Archive for October, 2012


DIY Homework Cameron Quy

Assignment: Describe what an upcoming artist should aspire to do well in Symons point of view. After reading the chapter “Eleanor Duse”.

 

                Arthur Symons describes in his book Studies in the Seven Arts, what he believes an artist should strive for, in order to be a successful and competent artist. One of the most important values that Symons writes about, is to retain nature in your work. Symons describes in “Eleanor Duse” that she does not perform in “reliance upon nature, “but by controlling nature into the forms of her desire”.  This shows that Symons puts value on controlling the artistic talent within oneself. Symons wants the artist to progress upon their talent, and to improve upon their talent, not merely live upon the talent that nature provided. Symons refers to this as a “mastery”, not merely an “abandonment” to an artists’ talent. Taking what Symons said into account, an upcoming artist has several values that they should uphold to. First of all the upcoming artist needs to place all personal value into their work. Symons makes it clear, that being an artist should be just as hard as any other profession if you wish to do well. The upcoming artist must be ready to pour their body and soul into their work, whether they like it or not. In fact Symons explains that a good artist (at least in Eleanor Duse) should almost hate the amount of work that has to be put into their art. They should hate the “mockery” of their own art, because their art represents their entire being. Symons makes it clear that for an artist, their life is their art. If an upcoming artist isn’t ready to make this commitment, then Symons would most likely advise them to seek a different profession.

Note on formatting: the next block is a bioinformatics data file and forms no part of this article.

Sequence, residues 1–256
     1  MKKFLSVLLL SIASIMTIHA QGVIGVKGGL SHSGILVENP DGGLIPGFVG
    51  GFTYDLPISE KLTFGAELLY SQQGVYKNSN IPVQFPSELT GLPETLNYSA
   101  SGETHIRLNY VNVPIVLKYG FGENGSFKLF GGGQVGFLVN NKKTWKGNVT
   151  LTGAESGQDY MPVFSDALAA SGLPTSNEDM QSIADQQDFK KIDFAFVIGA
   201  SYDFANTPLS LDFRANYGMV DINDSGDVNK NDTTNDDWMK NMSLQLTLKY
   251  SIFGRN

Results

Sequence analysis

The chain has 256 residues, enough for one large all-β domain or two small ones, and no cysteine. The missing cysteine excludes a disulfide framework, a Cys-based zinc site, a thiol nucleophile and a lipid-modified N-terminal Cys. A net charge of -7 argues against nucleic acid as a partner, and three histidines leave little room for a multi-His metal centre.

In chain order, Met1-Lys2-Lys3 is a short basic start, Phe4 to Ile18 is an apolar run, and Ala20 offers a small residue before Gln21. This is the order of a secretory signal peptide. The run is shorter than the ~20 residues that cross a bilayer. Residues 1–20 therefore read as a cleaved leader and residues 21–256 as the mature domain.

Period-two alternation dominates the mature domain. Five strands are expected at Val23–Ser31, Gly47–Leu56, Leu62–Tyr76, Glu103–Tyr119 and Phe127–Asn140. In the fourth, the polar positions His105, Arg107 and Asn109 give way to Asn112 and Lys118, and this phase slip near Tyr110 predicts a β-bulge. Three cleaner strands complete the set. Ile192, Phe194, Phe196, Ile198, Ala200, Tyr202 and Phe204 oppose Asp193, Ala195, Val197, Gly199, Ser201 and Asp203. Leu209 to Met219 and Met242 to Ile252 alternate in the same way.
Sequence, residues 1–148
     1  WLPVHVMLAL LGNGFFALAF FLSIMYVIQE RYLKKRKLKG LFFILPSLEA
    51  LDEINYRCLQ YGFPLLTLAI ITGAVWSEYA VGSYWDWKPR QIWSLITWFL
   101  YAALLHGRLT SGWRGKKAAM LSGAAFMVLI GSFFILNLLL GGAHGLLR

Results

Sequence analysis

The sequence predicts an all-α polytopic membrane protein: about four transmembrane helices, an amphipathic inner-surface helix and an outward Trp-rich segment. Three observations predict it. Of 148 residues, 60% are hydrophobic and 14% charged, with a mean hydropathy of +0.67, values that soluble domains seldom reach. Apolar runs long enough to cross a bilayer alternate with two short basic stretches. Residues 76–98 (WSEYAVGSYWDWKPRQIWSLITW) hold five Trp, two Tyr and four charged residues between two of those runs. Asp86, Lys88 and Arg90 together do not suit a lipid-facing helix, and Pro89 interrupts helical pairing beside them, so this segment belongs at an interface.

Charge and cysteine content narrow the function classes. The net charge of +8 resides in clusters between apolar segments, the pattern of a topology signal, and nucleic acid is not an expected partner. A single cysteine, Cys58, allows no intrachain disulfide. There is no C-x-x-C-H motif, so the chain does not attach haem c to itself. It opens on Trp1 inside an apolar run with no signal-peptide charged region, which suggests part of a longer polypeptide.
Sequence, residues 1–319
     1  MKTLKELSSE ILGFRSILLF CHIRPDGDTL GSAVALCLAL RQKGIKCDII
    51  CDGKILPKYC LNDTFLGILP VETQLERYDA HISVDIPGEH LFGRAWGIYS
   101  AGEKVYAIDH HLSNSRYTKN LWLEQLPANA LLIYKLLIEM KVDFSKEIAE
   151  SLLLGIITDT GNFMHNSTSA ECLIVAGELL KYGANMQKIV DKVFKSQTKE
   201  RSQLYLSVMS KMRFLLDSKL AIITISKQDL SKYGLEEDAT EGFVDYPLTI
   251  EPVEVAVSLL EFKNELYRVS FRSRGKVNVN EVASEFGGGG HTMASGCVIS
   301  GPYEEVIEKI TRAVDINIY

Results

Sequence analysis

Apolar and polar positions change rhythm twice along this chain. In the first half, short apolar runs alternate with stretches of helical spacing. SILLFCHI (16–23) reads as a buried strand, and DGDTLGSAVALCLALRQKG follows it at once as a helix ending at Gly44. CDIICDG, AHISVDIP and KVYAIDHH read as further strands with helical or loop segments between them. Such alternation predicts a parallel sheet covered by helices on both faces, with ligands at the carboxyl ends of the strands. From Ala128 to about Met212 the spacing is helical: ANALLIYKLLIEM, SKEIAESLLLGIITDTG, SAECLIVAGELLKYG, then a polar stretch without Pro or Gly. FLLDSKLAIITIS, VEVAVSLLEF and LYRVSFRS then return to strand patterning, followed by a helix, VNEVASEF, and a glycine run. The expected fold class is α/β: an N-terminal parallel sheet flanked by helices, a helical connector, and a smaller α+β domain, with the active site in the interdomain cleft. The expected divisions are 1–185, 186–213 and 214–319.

Summary and Value:

In this passage I talked about what Symons believes an upcoming artist should aspire to do in order to be a successful artist. In the first part of my answer I define Symons point of view on how an artist should behave and perform. For this part I claimed that Symons believed that art should be a lifestyle and not merely a profession. Also, I claimed that Symons would recommend an upcoming artist to always progress upon their talent. By using evidence from the text I supported these claims effectively. In the second part of my answer I talked about what Symons would say to an upcoming artist. This part wraps up my answer by answering the question directly using evidence from the first part.

The short term value of this piece can be seen by any upcoming artist that would enjoy some advice. Symons values, although possibly not seen as valid for some people, does still hold its value to a select group of artists. Hopefully Symons noticed an improvement upon an artists’ talent when they upheld the values described. If he did, then an artist may just improve upon their art by trying to conform to the values talked about in this piece.

The long term value of this piece I would say is in its availability, and durability as a blog post. The text which I read Symons Studies in the Seven Arts was in Google Scholar, and the chapter on “Eleanor Duse” was on page 331. What this says to me, is that a large portion of people haven’t even heard of “Eleanor Duse” and the values described within the chapter. Thus, my blog post can serve to educate people in the future wishing to learn more about Arthur Symons. It can do this effectively by allowing for easy access of Symons values.  And since I have already summarized his values they can get the meat and potatoes of his work without expending the time to download, and closely read the text.

 

~CJQ

 

 

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Bernard Shaw, Mrs Warren’s Profession 1894